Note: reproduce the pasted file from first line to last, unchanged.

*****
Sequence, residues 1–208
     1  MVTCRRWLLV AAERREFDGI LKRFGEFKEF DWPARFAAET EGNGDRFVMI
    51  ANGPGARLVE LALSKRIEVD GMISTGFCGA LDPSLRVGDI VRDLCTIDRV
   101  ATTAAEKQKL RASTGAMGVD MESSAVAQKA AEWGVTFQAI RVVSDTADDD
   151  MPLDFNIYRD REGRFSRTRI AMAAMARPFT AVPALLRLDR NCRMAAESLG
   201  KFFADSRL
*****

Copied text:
Sequence, residues 1–208
     1  MVTCRRWLLV AAERREFDGI LKRFGEFKEF DWPARFAAET EGNGDRFVMI
    51  ANGPGARLVE LALSKRIEVD GMISTGFCGA LDPSLRVGDI VRDLCTIDRV
   101  ATTAAEKQKL RASTGAMGVD MESSAVAQKA AEWGVTFQAI RVVSDTADDD
   151  MPLDFNIYRD REGRFSRTRI AMAAMARPFT AVPALLRLDR NCRMAAESLG
   201  KFFADSRL